I wanted to write you a quick note about Daniel, who’s working in your department. He’s a great asset, and I’d like to talk to you more about him when you have time.

Best,

Skip

What is this email about? Well, we’re not sure. First, if there are multiple Daniels in John’s department, John won’t know who Skip is talking about.

Next, what is Daniel doing, specifically, that’s so great? We don’t know that either. It’s so vague that John will definitely have to write back for more information.

Last, what is the purpose of this email? Does Skip simply want to have an idle chat about Daniel, or is there some more specific goal here? There’s no sense of purpose to this message, so it’s a bit confusing.

Good Example

Hi John,

I wanted to write you a quick note about Daniel Kedar, who’s working in your department. In recent weeks, he’s helped the IT department through several pressing deadlines on his own time.

We’ve got a tough upgrade project due to run over the next three months, and his knowledge and skills would prove invaluable. Could we please have his help with this work?

I’d appreciate speaking with you about this. When is it best to call you to discuss this further?

Best wishes,

Skip

This second message is much clearer, because the reader has the information he needs to take action.


  1. Concise

When you’re concise in your communication, you stick to the point and keep it brief. Your audience doesn’t want to read six sentences when you could communicate your message in three.

  • Are there any adjectives or “filler words” that you can delete? You can often eliminate words like “for instance,” “you see,” “definitely,” “kind of,” “literally,” “basically,” or “I mean.”
  • Are there any unnecessary sentences?
  • Have you repeated the point several times, in different ways?

Bad Example

Hi Matt,

I wanted to touch base with you about the email marketing campaign we kind of sketched out last Thursday. I really think that our target market is definitely going to want to see the company’s philanthropic efforts. I think that could make a big impact, and it would stay in their minds longer than a sales pitch.

For instance, if we talk about the company’s efforts to become sustainable, as well as the charity work we’re doing in local schools, then the people that we want to attract are going to remember our message longer. The impact will just be greater.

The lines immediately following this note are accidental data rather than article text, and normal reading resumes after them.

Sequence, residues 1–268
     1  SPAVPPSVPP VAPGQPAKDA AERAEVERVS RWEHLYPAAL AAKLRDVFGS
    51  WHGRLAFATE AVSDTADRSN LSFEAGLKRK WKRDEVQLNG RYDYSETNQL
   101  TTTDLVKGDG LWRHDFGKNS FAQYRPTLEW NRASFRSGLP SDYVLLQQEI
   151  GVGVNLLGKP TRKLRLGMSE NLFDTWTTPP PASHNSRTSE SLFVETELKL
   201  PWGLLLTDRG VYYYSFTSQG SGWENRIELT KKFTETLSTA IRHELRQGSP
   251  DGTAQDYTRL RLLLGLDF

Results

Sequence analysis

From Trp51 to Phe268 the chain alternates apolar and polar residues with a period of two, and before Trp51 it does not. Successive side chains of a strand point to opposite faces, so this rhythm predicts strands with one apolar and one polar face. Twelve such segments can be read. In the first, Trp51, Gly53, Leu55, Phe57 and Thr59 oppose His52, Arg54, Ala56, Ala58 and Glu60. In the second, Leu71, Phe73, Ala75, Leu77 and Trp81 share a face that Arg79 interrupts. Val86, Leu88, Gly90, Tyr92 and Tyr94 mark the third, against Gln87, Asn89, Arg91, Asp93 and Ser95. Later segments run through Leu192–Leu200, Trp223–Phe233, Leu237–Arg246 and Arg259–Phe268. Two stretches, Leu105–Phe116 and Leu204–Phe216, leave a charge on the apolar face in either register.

What do you think?

Jessica

This email is too long! There’s repetition, and there’s plenty of “filler” taking up space.

Good Example

Watch what happens when we’re concise and take out the filler words:

Hi Matt,

I wanted to quickly discuss the email marketing campaign that we analyzed last Thursday. Our target market will want to know about the company’s philanthropic efforts, especially our goals to become sustainable and help local schools.

This would make a far greater impact, and it would stay in their minds longer than a traditional sales pitch.

What do you think?

Jessica


  1. Concrete

When your message is concrete, then your audience has a clear picture of what you’re telling them. There are details (but not too many!) and vivid facts, and there’s laser-like focus. Your message is solid.

Bad Example

Consider this advertising copy:

The Lunchbox Wizard will save you time every day.

A statement like this probably won’t sell many of these products. There’s no passion, no vivid detail, nothing that creates emotion, and nothing that tells people in the audience why they should care. This message isn’t concrete enough to make a difference.

Good Example

How much time do you spend every day packing your kids’ lunches? No more! Just take a complete Lunchbox Wizard from your refrigerator each day to give your kids a healthy lunch and have more time to play or read with them!

This copy is better because there are vivid images. The audience can picture spending quality time with their kids – and what parent could argue with that? And mentioning that the product is stored in the refrigerator explains how the idea is practical. The message has come alive through these details.


  1. Correct

When your communication is correct, it fits your audience. And correct communication is also error-free communication.

  • Do the technical terms you use fit your audience’s level of education or knowledge?
  • Have you checked your writing for grammatical errors? Remember, spell checkers won’t catch everything.
  • Are all names and titles spelled correctly?

Bad Example

Hi Daniel,

Thanks so much for meeting me at lunch today! I enjoyed our conservation, and I’m looking forward to moving ahead on our project. I’m sure that the two-weak deadline won’t be an issue.

Thanks again, and I’ll speak to you soon!

Best,

Jack Miller

If you read that example fast, then you might not have caught any errors. But on closer inspection, you’ll find two. Can you see them?

The first error is that the writer accidentally typed conservation instead of conversation. This common error can happen when you’re typing too fast. The other error is using weak instead of week.